Artist of original fresco hears church's prayers

Holly Run: The man who painted a historic chapel's ceiling in the 1970s says he will do it all over again after lightning sparked a fire that destroyed his work.

July 19, 2004|By Molly Knight | Molly Knight,SUN STAFF

In the days after lightning struck the historic Holly Run chapel in Linthicum, causing a fire that destroyed its hand-painted ceiling, church members prayed for the return of the long-haired, bearded Baltimore artist they call their "Michelangelo."

Last week, their prayers were answered.

After reading an article about the destruction of the ceiling in The Sun, artist Ronald Spencer - who painted the intricate ceiling more than 25 years ago - left a telephone message for the Rev. David Shank, pastor of Holly Run's parent parish, Linthicum Heights United Methodist Church. In it, he offered to paint a new ceiling.

Shank said he was stunned.

"I had just been in the chapel with some trustees talking about how great it would be if we could contact the original artist," Shank said. "When he called, I just went `wow.' I didn't even know if he was still in the area."

So it came to be that Spencer, 58, arrived at Holly Run on Friday morning with several paint brushes in hand, their tips still tinted egg-shell blue from his original work on the chapel.

Older, grayer and, according to him, slightly fuller than when he was hired for the project at age 31, Spencer stopped by Holly Run to assess the damage to his work. Lightning struck the chapel's roof July 7, setting it afire. Firefighters saved the core structure, but not the ceiling, which suffered so much water damage that it had to be torn down.

Although Spencer confessed to feeling "dumbfounded" when he saw the gaping hole in the ceiling, he appeared cheerful and industrious as he examined the wounds to his fresco.

"I won't be able to get in here to work until they put up a new ceiling," Spencer said. "Then, it's going to take a lot of preparation."

Now living in a Federal Hill home that also serves as his studio, Spencer said that since painting the fresco he has worked continuously as an artist, painting everything from city murals to the interior walls of homes. Most recently, he was commissioned to paint a deck of cards, with each piece having tiny, elaborate patterns. Spencer said he has stopped by the chapel at least twice a year to stare up at his ceiling - a work he considers his masterpiece.

Spencer was selected from among several local artists to paint the chapel. It was a tall task, considering the historical significance of Holly Run.

Founded in 1828, Holly Run was the first chapel built by the Methodist Protestant Church of America, a splinter group that broke with the Patapsco Methodist Episcopal Church of Maryland. The congregation outgrew the chapel, founded the larger church in Linthicum Heights and let the tiny chapel fall into disrepair.

It was not until 1966 that Linthicum Heights United decided to save Holly Run from ruin.

That year, volunteers took apart the church and rebuilt it brick by brick in a grove behind the larger descendant church. Days before Holly Run was disassembled, Friedrich W. Aschemeyer, a muralist and stencil-cutter from Glen Burnie, copied the patterns of its ceiling fresco on tracing paper. Too ill to paint, Aschemeyer passed them on to the younger artist.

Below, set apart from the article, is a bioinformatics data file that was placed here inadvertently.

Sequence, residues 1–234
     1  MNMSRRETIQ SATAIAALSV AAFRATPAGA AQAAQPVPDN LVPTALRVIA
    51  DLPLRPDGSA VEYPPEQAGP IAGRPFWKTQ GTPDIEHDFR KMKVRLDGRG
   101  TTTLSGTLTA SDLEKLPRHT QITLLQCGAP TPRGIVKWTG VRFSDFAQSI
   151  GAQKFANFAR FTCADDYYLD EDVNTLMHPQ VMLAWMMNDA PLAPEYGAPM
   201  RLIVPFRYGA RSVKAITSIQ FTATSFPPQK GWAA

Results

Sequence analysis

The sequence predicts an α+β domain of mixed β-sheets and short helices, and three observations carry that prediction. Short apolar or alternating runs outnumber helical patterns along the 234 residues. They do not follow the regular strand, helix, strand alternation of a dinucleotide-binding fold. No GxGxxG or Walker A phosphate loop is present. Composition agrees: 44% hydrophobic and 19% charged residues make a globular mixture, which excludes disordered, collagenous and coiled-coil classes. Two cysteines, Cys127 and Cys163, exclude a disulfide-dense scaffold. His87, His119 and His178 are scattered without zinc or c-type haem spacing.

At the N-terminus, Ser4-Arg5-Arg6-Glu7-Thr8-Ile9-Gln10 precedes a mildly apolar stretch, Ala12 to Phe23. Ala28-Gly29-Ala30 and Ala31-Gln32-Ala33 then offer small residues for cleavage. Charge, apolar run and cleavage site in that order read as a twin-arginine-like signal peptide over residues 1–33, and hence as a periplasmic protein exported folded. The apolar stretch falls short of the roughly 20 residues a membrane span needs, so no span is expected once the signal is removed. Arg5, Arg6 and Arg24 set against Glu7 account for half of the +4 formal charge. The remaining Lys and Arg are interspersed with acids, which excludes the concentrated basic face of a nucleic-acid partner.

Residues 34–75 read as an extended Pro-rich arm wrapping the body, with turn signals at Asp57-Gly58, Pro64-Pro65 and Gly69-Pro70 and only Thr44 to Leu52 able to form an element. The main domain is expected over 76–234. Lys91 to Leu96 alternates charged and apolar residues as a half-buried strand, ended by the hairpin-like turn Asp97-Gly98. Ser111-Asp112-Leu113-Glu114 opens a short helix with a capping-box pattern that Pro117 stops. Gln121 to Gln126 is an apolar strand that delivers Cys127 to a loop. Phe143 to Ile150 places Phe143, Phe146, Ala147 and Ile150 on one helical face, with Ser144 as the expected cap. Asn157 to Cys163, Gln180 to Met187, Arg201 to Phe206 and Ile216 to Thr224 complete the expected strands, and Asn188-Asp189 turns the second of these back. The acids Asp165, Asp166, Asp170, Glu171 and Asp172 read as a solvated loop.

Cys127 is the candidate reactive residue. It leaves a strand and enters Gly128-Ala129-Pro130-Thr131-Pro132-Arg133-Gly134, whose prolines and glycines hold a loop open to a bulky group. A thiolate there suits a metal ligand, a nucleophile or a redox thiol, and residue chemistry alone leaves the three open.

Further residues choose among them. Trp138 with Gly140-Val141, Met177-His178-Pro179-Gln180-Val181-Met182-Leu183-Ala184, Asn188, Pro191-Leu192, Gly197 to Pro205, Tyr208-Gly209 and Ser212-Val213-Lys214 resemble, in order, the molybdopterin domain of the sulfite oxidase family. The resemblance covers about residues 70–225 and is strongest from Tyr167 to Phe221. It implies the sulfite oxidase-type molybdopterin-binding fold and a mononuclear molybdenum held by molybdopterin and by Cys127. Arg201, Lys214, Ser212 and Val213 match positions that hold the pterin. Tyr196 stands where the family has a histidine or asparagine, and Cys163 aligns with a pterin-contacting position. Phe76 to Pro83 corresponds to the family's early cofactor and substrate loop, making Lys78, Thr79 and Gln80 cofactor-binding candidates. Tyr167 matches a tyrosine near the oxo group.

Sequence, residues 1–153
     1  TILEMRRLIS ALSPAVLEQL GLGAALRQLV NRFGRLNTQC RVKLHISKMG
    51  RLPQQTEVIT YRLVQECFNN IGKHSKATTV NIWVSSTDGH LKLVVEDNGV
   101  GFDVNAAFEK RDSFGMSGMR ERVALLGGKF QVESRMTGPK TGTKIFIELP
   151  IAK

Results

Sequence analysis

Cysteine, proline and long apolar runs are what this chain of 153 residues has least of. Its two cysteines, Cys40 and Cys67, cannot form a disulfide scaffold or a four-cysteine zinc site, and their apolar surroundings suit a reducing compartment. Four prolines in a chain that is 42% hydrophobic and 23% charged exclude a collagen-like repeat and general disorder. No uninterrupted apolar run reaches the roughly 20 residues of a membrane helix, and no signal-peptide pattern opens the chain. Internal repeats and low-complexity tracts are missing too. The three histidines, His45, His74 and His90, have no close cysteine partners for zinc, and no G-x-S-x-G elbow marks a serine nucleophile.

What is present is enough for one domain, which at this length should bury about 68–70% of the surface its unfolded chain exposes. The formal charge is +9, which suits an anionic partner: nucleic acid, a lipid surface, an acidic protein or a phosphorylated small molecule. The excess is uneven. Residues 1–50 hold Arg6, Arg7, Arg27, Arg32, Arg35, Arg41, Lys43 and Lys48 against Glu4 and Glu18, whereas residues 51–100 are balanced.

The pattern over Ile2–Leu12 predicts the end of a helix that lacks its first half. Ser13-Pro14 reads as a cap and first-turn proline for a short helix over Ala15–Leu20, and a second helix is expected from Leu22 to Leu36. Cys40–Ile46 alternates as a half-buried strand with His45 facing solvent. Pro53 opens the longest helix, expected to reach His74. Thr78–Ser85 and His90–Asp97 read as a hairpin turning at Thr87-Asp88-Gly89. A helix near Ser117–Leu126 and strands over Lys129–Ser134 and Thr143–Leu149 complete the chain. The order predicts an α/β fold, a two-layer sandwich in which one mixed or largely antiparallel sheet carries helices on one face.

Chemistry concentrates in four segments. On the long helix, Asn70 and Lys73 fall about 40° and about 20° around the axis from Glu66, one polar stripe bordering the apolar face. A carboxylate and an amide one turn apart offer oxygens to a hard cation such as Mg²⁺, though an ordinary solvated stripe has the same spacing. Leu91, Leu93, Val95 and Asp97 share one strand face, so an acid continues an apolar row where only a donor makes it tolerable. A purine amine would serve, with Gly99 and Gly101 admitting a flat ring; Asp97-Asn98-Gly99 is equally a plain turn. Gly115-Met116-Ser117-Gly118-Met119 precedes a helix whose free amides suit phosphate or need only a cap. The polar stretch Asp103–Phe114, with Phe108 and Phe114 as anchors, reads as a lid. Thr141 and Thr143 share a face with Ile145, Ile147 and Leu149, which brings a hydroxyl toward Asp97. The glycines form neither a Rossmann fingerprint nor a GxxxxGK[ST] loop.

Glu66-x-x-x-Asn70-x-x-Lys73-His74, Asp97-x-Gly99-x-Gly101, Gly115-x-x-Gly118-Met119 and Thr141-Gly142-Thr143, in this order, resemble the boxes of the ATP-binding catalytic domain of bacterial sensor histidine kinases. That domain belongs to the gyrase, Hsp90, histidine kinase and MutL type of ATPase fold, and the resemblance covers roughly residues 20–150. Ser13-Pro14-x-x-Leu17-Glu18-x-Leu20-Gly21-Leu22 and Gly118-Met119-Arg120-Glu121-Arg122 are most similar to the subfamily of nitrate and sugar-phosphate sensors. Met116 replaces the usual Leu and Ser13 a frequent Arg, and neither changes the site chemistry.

Spencer, who trained as an artist by copying the works of great painters such as Van Gogh, da Vinci and Dali, was hired for $8,000 to paint the fresco.

"It wasn't much, but it was worth it for the experience," said Spencer, adding that he had always wanted a "church to call his own."

Because much of the original ceiling had been destroyed by vandals, the project was fraught with complications. To precisely replicate the fresco's details, Spencer blew up photographs of the ceiling, which allowed him to spot dozens of pastel-colored lines, each one less than an inch thick.

To accurately render the pattern's gold stars, plump doves and flowers, Spencer enlisted the help of an assistant, Bill Kurdel, and a local stencil artist, Linda Thomas. Kurdel moved the scaffolding while Spencer lay on his back on top of it, painting like Michelangelo at the Sistine Chapel.

It took Spencer eight months to complete the ceiling. While he painted, church members took him drinks and trays of home-baked cookies. When he stopped, exhausted, he slept in the pews.

"This was my life," said Spencer, running his fingers over the walls, peering up at the ceiling over the tinted round glasses perched on the bridge of his nose.

He said there were times when he suffered from painter's block and was unable to recall a pattern or color. When this happened, Spencer said, he often moved forward with a little help.

"I'd feel a presence in the room, and things would just come to me," he said. "I'd look over my shoulder to see if someone was there, and it would be quiet."

Even with the hole in the ceiling that reveals wooden beams charred by the fire, it is easy to understand how the quaint church could inspire great things. Tucked away in a grove, the chapel is a peaceful place - silent, cozy and warm from the light shining through tall windows. On Friday, the silence was broken by Spencer, who eagerly shared his plans for the chapel's ceiling.

Although he has not signed a contract for the job and has to negotiate payment, Spencer has put aside an array of projects to begin work on Holly Run.

When asked if he will do anything differently this time, Spencer - a self-described perfectionist - said he will not.

"This is a dying art," he said of fresco painting. "There are those out there who do it, but they don't do it the old way."

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